House Committee to Consider Safeguards for Handling Communications Intercepted by NSA (Wall Street Journal)

WASHINGTON—The U.S. House Intelligence Committee will consider whether new safeguards are needed for handling communications intercepted by the National Security Agency that involve U.S. lawmakers or other Americans, the top Democrat on the panel said on Wednesday.

The move follows a report in The Wall Street Journal about how the NSA targeted Israeli communications during the 2015 congressional debate over a nuclear accord with Iran. The Journal said the NSA targeted the communications of Israeli Prime MinisterBenjamin Netanyahu and other senior Israeli officials, and, in so doing, swept up the contents of some of their private conversations with lawmakers and Jewish-American groups.

At the request of the committee’s chairman, Rep. Devin Nunes (R., Calif.), members of the panel on Wednesday received a classified briefing from intelligence agencies about how they handled intercepted Israeli communications “to, from or about” lawmakers, officials said.


Current and former U.S. officials declined to say whether the communications in question were between Israeli officials and U.S. lawmakers directly, or whether they were Israeli officials discussing their contacts with members of Congress after the fact, or both.

In a written statement issued after the closed-door briefing, Rep. Adam Schiff of California, the ranking Democrat on the committee, said: “There is no evidence that the intelligence community was spying on members, or that the laws and procedures governing any incidental collection on members of Congress were violated in any way.”

Nevertheless, Mr. Schiff said the House Intelligence Committee would “explore whether any additional safeguards are necessary when it comes to incidental collection—not only for members of Congress... but for all Americans.”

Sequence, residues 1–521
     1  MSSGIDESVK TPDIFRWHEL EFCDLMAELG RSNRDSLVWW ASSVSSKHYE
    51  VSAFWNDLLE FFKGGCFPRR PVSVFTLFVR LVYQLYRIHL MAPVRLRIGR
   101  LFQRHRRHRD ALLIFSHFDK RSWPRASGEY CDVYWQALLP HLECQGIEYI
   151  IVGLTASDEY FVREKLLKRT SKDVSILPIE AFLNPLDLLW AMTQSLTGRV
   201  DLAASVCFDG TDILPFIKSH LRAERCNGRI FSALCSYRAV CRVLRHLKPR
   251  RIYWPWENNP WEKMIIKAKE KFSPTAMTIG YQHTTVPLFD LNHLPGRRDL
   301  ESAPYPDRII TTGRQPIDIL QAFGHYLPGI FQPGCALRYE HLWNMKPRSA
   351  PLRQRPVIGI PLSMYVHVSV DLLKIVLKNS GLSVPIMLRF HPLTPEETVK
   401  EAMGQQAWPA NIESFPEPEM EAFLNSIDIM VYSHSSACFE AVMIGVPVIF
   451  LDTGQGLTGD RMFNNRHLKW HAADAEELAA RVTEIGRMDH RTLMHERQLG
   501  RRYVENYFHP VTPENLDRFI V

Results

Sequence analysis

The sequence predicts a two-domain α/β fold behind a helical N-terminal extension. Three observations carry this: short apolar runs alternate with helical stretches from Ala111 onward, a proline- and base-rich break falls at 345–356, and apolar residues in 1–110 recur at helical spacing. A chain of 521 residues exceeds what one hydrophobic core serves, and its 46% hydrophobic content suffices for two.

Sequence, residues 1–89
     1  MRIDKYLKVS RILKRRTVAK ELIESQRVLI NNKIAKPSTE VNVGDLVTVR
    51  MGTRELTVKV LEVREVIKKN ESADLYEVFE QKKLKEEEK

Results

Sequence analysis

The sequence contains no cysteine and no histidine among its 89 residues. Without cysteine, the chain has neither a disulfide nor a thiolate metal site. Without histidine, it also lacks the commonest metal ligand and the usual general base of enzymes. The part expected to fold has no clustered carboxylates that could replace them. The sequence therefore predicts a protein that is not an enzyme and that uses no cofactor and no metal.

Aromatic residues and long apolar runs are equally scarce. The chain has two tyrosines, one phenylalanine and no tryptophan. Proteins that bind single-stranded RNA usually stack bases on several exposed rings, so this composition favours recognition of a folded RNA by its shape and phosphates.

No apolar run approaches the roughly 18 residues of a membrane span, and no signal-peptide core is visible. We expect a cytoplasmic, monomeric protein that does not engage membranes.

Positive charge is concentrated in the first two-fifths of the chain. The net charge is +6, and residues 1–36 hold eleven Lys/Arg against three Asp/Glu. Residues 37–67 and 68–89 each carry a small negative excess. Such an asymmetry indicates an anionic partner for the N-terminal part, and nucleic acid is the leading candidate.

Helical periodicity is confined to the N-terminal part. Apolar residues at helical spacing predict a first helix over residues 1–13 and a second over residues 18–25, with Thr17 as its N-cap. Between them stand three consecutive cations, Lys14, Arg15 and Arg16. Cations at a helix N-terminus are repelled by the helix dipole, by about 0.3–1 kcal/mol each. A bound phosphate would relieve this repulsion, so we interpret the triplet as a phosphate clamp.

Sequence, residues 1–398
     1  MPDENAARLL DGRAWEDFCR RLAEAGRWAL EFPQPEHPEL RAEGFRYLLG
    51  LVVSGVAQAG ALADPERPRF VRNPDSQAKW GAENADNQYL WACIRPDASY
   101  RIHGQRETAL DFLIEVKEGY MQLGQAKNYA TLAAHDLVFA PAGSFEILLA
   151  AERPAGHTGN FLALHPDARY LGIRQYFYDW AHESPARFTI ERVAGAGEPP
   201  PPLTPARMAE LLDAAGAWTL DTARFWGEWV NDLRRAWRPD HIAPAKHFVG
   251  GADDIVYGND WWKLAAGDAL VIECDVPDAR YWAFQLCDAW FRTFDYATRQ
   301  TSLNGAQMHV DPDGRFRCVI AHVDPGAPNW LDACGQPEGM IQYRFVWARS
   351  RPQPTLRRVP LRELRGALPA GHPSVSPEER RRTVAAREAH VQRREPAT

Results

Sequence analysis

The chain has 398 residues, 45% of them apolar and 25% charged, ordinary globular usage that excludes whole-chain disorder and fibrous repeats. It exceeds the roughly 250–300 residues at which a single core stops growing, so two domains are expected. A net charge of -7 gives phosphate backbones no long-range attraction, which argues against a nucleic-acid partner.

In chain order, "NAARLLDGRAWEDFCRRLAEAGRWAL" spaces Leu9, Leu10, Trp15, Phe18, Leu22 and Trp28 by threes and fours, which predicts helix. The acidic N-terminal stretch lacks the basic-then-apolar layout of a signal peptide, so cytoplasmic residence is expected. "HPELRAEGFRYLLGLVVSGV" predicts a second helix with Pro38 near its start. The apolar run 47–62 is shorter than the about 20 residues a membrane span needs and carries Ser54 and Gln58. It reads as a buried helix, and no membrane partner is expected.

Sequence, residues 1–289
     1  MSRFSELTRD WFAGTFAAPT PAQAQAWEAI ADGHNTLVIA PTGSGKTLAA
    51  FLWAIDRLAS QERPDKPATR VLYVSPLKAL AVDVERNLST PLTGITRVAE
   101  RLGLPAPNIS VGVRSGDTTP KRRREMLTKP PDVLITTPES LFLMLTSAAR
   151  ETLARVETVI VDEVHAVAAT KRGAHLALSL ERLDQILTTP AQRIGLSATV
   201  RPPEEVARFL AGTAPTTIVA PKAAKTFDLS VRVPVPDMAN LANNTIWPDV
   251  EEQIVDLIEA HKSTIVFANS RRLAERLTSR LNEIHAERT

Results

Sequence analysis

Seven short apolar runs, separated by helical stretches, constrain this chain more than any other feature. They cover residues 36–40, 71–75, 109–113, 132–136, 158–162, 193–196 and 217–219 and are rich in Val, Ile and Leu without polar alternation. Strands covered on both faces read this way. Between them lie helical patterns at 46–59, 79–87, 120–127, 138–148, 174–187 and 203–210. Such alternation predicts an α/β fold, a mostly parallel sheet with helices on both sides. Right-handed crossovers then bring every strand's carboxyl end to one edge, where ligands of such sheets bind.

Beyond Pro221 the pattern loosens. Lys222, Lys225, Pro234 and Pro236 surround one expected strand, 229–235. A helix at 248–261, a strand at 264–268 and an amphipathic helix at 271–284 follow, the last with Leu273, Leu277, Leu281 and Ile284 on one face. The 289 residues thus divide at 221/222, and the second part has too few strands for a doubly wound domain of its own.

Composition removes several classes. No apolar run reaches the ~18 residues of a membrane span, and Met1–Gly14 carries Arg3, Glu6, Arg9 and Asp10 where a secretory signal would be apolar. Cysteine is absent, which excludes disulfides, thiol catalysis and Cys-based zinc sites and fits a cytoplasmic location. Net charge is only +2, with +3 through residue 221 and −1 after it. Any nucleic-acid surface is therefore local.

A spokesman for Mr. Schiff declined to comment on what types of additional safeguards might be considered by the intelligence committee.

Mr. Nunes declined to comment on Wednesday’s briefing.


A spokesman for the Office of the Director of National Intelligence, which oversees U.S. spy agencies, also declined to comment, saying the contents of the briefing were classified.


Under Cold War-era procedures for handling intercepted communications involving Americans, the NSA and other agencies are required to mask the identities of U.S. citizens and legal residents, including government officials and lawmakers, in their intelligence reports through a process called “minimization.”


Senior officials in the executive branch can ask the NSA to “unmask” the identities of the Americans involved. The more senior the official making the request, the more likely intelligence officials would provide the information, current and former officials said.


Special safeguards for lawmakers require the intelligence agencies to notify the congressional intelligence committees whenever the identities of members of Congress are revealed to executive branch officials.


Current and former officials said the NSA followed the minimization procedures during the 2015 congressional debate over the Iran deal by obscuring the identities of lawmakers and other Americans in the agency’s intelligence reports.


House Oversight and Government Reform Committee Chairman Jason Chaffetz (R., Utah) has also asked the NSA for information regarding the intercepted communications.

Source: Wall Street Journal